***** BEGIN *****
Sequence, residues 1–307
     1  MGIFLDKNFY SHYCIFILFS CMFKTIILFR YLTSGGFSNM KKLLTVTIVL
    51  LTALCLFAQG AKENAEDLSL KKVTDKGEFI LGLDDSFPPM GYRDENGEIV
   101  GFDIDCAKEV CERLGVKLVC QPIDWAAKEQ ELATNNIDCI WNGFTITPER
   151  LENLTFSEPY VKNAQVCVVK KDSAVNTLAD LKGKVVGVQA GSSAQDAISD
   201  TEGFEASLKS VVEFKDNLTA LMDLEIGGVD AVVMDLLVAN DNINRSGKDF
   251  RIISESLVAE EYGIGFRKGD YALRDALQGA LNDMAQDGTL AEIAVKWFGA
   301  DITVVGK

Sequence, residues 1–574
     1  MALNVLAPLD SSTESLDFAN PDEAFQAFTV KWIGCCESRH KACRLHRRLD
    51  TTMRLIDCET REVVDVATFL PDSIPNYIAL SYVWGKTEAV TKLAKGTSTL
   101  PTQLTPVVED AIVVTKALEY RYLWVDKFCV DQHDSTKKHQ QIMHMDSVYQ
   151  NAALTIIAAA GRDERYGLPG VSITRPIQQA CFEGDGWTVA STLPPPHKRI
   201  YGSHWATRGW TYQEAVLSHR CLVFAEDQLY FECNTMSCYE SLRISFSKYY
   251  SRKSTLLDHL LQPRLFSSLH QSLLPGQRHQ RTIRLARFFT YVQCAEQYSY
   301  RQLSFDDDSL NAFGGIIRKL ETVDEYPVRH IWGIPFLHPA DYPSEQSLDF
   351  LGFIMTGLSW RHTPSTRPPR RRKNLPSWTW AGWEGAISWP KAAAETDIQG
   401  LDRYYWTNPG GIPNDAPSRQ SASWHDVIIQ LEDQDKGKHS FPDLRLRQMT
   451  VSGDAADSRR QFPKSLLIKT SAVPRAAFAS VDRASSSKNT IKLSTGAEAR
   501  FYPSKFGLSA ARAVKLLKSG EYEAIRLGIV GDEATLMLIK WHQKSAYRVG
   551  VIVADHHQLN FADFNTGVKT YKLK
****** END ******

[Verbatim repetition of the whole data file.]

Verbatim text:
Sequence, residues 1–307
     1  MGIFLDKNFY SHYCIFILFS CMFKTIILFR YLTSGGFSNM KKLLTVTIVL
    51  LTALCLFAQG AKENAEDLSL KKVTDKGEFI LGLDDSFPPM GYRDENGEIV
   101  GFDIDCAKEV CERLGVKLVC QPIDWAAKEQ ELATNNIDCI WNGFTITPER
   151  LENLTFSEPY VKNAQVCVVK KDSAVNTLAD LKGKVVGVQA GSSAQDAISD
   201  TEGFEASLKS VVEFKDNLTA LMDLEIGGVD AVVMDLLVAN DNINRSGKDF
   251  RIISESLVAE EYGIGFRKGD YALRDALQGA LNDMAQDGTL AEIAVKWFGA
   301  DITVVGK

Sequence, residues 1–574
     1  MALNVLAPLD SSTESLDFAN PDEAFQAFTV KWIGCCESRH KACRLHRRLD
    51  TTMRLIDCET REVVDVATFL PDSIPNYIAL SYVWGKTEAV TKLAKGTSTL
   101  PTQLTPVVED AIVVTKALEY RYLWVDKFCV DQHDSTKKHQ QIMHMDSVYQ
   151  NAALTIIAAA GRDERYGLPG VSITRPIQQA CFEGDGWTVA STLPPPHKRI
   201  YGSHWATRGW TYQEAVLSHR CLVFAEDQLY FECNTMSCYE SLRISFSKYY
   251  SRKSTLLDHL LQPRLFSSLH QSLLPGQRHQ RTIRLARFFT YVQCAEQYSY
   301  RQLSFDDDSL NAFGGIIRKL ETVDEYPVRH IWGIPFLHPA DYPSEQSLDF
   351  LGFIMTGLSW RHTPSTRPPR RRKNLPSWTW AGWEGAISWP KAAAETDIQG
   401  LDRYYWTNPG GIPNDAPSRQ SASWHDVIIQ LEDQDKGKHS FPDLRLRQMT
   451  VSGDAADSRR QFPKSLLIKT SAVPRAAFAS VDRASSSKNT IKLSTGAEAR
   501  FYPSKFGLSA ARAVKLLKSG EYEAIRLGIV GDEATLMLIK WHQKSAYRVG
   551  VIVADHHQLN FADFNTGVKT YKLK